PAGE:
SCIENCE IN THE NEWS DAILY
Violent Video Games -- the Myths and the Facts
from the Christian Science Monitor
True or false: Violent video games cause children to become more aggressive. Sorry, that was a trick question.
Despite much bandying of statistics and loud talking by critics on both sides of the argument, the real answer is that there is no real answer—at least not one that's been proved scientifically.
So say Cheryl Olson and Lawrence Kutner in their new book, "Grand Theft Childhood." "In fact, much of the information in the popular press about the effects of violent video games is wrong," write the husband and wife team, who direct the Center for Mental Health and Media at Massachusetts General Hospital in Boston.
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PODCASTS: Expanding With the Cosmos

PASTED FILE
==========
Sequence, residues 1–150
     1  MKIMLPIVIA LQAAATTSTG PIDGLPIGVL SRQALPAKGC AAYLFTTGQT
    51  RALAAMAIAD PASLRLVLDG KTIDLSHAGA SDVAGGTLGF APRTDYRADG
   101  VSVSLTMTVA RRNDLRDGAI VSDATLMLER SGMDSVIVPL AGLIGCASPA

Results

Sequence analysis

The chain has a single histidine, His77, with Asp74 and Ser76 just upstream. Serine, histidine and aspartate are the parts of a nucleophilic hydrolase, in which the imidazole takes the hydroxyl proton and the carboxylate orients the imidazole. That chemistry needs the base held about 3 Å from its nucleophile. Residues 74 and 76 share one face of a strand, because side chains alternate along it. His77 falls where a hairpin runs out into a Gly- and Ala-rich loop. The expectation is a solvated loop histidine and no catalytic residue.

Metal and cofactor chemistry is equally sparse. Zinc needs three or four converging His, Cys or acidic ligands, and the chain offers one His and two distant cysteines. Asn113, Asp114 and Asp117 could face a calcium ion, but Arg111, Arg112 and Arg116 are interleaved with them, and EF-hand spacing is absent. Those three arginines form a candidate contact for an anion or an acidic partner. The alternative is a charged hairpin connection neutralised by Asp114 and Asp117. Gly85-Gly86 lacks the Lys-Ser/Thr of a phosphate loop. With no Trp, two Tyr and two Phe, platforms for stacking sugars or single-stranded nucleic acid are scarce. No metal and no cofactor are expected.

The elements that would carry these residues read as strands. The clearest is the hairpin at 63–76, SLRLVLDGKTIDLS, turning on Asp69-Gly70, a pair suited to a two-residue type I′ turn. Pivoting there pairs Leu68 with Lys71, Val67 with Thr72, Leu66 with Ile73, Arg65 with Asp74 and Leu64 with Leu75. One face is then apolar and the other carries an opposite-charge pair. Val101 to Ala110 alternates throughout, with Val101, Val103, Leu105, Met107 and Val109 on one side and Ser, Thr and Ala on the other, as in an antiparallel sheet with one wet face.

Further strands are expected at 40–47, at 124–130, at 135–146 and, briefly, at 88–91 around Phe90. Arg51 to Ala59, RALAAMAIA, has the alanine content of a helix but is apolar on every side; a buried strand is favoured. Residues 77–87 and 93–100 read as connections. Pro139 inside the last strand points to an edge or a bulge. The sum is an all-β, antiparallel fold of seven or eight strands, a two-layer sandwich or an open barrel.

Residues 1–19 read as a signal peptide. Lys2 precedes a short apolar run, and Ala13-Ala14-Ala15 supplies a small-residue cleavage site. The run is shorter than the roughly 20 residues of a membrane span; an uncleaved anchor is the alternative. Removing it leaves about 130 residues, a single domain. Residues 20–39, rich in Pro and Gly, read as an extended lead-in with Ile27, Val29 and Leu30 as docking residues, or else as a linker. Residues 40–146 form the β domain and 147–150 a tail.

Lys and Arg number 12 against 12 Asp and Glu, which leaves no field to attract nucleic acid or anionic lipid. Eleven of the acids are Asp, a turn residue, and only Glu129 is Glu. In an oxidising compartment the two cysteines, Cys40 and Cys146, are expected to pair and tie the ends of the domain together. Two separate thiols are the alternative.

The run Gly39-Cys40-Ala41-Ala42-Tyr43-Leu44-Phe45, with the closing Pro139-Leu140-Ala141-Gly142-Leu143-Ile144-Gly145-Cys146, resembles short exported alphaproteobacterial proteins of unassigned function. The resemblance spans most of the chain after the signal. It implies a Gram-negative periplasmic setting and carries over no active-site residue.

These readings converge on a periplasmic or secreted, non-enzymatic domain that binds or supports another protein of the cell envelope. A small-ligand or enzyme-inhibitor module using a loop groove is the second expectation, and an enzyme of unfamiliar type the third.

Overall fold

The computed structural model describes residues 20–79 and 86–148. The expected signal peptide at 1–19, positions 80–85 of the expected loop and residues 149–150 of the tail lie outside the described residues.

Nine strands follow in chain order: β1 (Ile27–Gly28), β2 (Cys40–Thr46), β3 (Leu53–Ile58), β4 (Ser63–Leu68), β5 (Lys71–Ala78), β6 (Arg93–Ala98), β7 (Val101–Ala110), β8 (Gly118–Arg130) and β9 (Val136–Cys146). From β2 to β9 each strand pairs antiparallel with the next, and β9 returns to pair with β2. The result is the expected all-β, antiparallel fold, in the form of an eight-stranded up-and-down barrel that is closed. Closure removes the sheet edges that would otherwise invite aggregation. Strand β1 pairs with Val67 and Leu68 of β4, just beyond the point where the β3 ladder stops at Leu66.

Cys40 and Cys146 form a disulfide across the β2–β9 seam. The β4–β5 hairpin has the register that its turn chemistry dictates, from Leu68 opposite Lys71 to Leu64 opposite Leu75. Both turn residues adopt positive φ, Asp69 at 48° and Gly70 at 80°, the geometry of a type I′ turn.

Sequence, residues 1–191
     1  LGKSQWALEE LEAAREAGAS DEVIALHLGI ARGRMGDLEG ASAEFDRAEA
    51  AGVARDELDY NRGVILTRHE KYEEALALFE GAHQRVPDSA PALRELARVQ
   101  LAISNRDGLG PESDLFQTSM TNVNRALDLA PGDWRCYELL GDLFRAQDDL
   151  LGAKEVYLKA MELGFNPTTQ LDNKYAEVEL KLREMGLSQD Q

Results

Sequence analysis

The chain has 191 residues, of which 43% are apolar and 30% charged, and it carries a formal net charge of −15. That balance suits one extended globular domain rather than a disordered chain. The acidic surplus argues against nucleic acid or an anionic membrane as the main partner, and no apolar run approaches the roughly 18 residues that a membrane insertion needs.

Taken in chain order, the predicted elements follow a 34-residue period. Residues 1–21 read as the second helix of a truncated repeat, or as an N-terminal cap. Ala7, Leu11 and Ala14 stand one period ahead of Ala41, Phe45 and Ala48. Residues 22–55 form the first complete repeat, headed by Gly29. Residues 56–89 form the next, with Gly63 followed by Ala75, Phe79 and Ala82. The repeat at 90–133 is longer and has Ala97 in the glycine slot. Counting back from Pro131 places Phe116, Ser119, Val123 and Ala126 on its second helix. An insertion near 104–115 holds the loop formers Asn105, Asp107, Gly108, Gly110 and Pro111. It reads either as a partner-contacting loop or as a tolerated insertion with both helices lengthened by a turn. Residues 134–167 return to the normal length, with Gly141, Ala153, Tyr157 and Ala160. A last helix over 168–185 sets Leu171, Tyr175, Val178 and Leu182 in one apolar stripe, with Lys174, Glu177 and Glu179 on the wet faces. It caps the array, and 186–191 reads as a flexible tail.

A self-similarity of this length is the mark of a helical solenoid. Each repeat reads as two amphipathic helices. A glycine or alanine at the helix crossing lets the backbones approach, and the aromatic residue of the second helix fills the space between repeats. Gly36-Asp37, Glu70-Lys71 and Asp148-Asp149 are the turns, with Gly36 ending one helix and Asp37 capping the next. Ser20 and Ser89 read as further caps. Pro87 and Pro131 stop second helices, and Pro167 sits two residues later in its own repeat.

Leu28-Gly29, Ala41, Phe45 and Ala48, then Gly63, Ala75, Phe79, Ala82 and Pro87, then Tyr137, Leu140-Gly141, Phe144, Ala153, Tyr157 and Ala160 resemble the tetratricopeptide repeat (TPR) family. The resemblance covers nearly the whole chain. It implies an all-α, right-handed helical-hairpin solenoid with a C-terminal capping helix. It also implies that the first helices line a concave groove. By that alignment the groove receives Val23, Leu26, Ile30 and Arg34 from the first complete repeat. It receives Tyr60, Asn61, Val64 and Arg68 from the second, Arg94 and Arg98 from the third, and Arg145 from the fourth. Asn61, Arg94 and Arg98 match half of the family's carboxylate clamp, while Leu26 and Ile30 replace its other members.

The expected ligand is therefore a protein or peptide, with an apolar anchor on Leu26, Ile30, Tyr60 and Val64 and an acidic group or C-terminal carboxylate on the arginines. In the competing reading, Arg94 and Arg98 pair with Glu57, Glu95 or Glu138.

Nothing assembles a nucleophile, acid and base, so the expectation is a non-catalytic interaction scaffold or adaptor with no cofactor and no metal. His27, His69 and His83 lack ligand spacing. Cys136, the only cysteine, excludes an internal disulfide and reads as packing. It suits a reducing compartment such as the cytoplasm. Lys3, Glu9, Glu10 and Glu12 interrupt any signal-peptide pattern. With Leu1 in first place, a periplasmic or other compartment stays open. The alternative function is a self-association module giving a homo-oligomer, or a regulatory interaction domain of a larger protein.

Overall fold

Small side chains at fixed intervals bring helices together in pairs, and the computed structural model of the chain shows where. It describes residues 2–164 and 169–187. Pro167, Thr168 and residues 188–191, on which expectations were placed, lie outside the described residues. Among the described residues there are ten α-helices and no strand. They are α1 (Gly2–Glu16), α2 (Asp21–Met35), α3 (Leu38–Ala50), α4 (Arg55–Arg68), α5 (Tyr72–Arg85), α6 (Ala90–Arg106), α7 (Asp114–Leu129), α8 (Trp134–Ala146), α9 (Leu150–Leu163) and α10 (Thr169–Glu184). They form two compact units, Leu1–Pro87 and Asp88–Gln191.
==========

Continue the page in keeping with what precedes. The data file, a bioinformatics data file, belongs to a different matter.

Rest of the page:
Using the Atacama Cosmology Telescope (ATC), a 6.5-meter microwave collector in Chile, cosmologists are piecing together the early history of the known universe. In an exclusive American Scientist interview, Arthur Kosowsky—a member of the ATC team and a professor in the Department of Physics and Astronomy at the University of Pittsburgh—discusses how he is using ATC to reach back in time billions of years to search for gravitational waves that could verify inflation and reveal unprecedented details about how the cosmos was born.
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